PARKER, Colo. – Europe never looked more at home at the Solheim Cup.
Especially on the greens.
From the 45-foot putt that 17-year-old Charley Hull rolled in to re-ignite the momentum Sunday to the 4-foot tester Caroline Hedwall sank to end what little drama was left, the Europeans owned Colorado Golf Club.
Led by Hull, the youngest player to suit up at the Solheim Cup, and Hedwall, the first player to go 5-0 at this event, Europe romped to a record-setting 18-10 victory over the Americans and won the cup on U.S. soil for the first time since the event began in 1990.
"We took it to them," Europe's Suzann Pettersen said, "and they couldn't answer."
This was a wire-to-wire victory, the likes of which very few saw coming.
America had more top-20 players (5 to 3), more major-title winners (5 to 3) and more Solheim Cup experience (25 years to 17) to say nothing of more success over the history of this team event (8 victories to 4).
But Europe took the lead Friday, took an even firmer grasp of it with a sweep in the best-ball matches Saturday, then closed it out by winning five of 12 matches Sunday and earning half-points in five more.
A lightning delay of about an hour put off the inevitable, but when the weather cleared, Hedwall returned to the 17th tee box, tied with Michelle Wie, and didn't miss a beat.
She halved that hole, then stuck her approach on 18 using a 9-iron from 150 yards out. She celebrated the putt that gave Europe its clinching 14th point with an uppercut into the air. A handful of her teammates, already off the course, ran to congratulate her.
A bit later, Catriona Matthew holed a 5-foot par putt to halve her match and give Europe the outright win on the seventh try in America. Within moments, the Europeans were in a full-throated rendition of "We Are the Champions."
This is the first time they've defended the cup, which they won two years ago in Ireland. Their eight-point victory was the largest in the history of the event.
"In sports you just cannot always predict what's going to happen," American Cristie Kerr said.
The course was hand-picked by the Americans and captain Meg Mallon brought her team to Colorado a handful of times in the months leading up to the tournament to get used to the undulations in the huge greens that are subtly influenced by the Rocky Mountains to the West. With wide, almost-unmissable fairways, this was a three-day chipping and putting contest and the United States lost badly, especially in the closing stretches.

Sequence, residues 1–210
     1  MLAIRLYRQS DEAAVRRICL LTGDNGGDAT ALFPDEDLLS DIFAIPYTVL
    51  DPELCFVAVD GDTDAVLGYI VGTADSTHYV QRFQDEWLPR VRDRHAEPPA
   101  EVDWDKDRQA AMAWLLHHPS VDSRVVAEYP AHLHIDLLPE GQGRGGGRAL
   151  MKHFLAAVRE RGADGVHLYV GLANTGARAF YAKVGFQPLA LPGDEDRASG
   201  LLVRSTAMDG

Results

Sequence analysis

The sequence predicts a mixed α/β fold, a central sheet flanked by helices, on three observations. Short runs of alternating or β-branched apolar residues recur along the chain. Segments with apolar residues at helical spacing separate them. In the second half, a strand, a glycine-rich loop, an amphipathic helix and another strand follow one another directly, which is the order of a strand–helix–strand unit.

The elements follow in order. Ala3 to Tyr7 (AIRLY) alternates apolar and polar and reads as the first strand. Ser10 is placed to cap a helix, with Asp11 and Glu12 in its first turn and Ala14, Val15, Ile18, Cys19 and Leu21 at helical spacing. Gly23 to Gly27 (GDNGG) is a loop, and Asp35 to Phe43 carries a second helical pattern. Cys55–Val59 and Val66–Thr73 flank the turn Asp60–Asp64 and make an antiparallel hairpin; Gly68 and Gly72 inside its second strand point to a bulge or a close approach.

On Sunday alone, the U.S. saw leads turn into ties or losses over the final three holes in five matches.
"The way we played 16, 17 and 18 I think is really what made the difference," Mallon said. "It wasn't for lack of preparation, because we played this golf course quite a bit. So it wasn't like it was a surprise for us, it was just a matter of who dropped the putts on those holes and unfortunately it was the Europeans."
European captain Liselotte Neumann said many of her players headed back onto the greens after their practice rounds earlier in the week to soak in the subtleties of the greens.
"We did talk a lot about the speed," she said. "As soon as we got here, we realized they were super-fast, some of the fastest we've ever played. It was a matter of reading the greens, reading the speed into the putts."
American Paula Creamer went 1-3 for the week, including a 5-and-4 loss to Hull, who took the lead with a 45-foot birdie on No. 6 and never looked back. After Hull closed out the match on No. 14, she asked Creamer to autograph a golf ball for a friend back home.
"I'm going to take that as one of the highlights of my career right there," Creamer said.
Kerr, another American veteran, went 1-2-1, earning the tie after she and Karine Icher agreed to halve the day's final, meaningless match while walking up the 18th fairway in fading light.
Stacy Lewis, ranked second and fresh off a victory at the Women's British Open, finished 1-2-1.
Mallon put her at the top of the lineup Sunday, knowing the Americans needed some quick, momentum-building wins to have any chance at a comeback from five points down. Lewis lost her lead when Anna Nordqvist, who had made a hole-in-one on No. 17 to close out a match a day earlier, hit her tee shot to 20 feet and made the putt. Lewis salvaged the tie by getting up and down on 18 after the last of a handful of shaky approach shots that marred her week on what Mallon called a "second-shot course."
While the U.S. veterans were struggling, Neumann got more than she ever could have expected from her six Solheim Cup rookies. They combined to go 12-5-2. That included a 3-0 effort from Spain's Carlota Cigunda.
It was Cigunda at the center of the week's biggest, and strangest, drama — on Friday, when she hit her second shot on No. 15 into a hazard, triggering a 25-minute delay while officials figured out where she should drop.
Cigunda saved par after that, then went on to team with Pettersen for a 1-up victory over Lewis and Lexi Thompson.
That, it turned out, was the start of a European romp that the Americans were powerless to stop.
"With such a young team, with nothing to lose, it just seemed like they were a little bit looser," Mallon said. "They were making more putts and we were not. And that's what it came down to."